Investors And VCs: The Real Picture
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They are loved and they are loathed. But then Investors and VC firms are misunderstood, too. Here are four myths about them.
1. What do they want?:
What the investor is really looking at is your team. Sadly, most times, entrepreneurs get lost in numbers, forgetting that a good team is a key driver for an investor to get excited about your business. Not to say numbers aren’t important; they are needed as they give a sense of where your business is going.
But more important is the team, which is overlooked when you are too busy getting the business model right. You have to remember that you can’t always get the business model right. Look at Snapdeal, which started off on the Groupon model. When it didn’t work, however, Kunal (Bahl, co-founder, Snapdeal) changed the model. But he could never had done it if he didn’t have a team that pulled it through.
2. The real agenda:
The general view about investors is “the vultures have landed”. There are 100-page agreements, intricate details and endless paperwork they ask for. In our experience, some of it is true. But you have to understand that investors, too, need to maximize value. A part of the rationale is that the investor wants a larger stake because there is bound to be more dilution at a later stage.
While a VC is looking at maximizing what he can get as an investment, he is also cognizant that the entrepreneur is thinking the same way. What is also true is that 99.9 per cent VCs and investors want to make sure the entrepreneur is motivated and incentivized to meet success.
A lot of VC firms in India and many in the Silicon Valley have entrepreneurs as a part of their team, who have been there, done that. It is not just the money that they are looking at. They don’t just want to get into the business side of it, but also add a lot of significant value to the business.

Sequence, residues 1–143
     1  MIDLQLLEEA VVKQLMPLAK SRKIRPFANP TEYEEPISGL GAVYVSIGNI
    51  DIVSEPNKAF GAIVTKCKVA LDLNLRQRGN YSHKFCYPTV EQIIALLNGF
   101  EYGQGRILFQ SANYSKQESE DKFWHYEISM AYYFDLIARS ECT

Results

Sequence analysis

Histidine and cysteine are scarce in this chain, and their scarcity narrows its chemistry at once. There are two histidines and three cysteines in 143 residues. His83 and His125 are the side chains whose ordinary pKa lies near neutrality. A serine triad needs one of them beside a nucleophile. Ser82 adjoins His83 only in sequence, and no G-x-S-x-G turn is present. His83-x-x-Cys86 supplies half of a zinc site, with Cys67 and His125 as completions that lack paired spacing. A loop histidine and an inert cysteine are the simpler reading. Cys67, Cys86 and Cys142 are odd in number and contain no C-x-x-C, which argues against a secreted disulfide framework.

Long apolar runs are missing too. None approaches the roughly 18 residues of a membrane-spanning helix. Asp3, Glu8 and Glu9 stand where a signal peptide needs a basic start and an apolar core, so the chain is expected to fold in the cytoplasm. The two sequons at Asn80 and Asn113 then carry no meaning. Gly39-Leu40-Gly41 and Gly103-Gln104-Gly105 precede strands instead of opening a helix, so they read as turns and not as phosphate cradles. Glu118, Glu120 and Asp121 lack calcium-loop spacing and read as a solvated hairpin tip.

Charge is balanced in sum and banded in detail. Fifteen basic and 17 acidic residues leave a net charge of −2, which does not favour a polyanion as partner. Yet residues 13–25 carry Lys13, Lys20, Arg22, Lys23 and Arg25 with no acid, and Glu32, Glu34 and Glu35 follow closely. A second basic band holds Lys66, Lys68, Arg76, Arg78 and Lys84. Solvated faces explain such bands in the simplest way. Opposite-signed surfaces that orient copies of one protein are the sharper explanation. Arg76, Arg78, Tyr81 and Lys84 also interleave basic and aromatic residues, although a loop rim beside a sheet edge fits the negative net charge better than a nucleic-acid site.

Kalaari Capital (the venture capital firm that has invested in CashKaro.com) has a phenomenal board of directors. There is the awesome Ram Gupta, and we have probably had four or five meetings with him. Now, getting access to someone like him isn’t easy, but we do, and a two-hour chat or a phone call with the likes of him can give you a whole new perspective on things. People like him make you think, “Where’s the bigger story? How can I be there?”
4. More than investors:
All businesses, especially startups, face challenges. A number of entrepreneurs feel these should not be shared with the investors. “Let’s paint a rosy picture,” they feel. But VCs understand it is a startup; they know that things will never be perfect. It was not that way for Uber, Facebook, or any of the many ventures that were startups once. And this is a huge mistake that entrepreneurs make – shifting the burden of challenges only to themselves. On the contrary, VCs are keen that you go and talk to them. It’s important for entrepreneurs to look at VCs not just as investors, but as partners.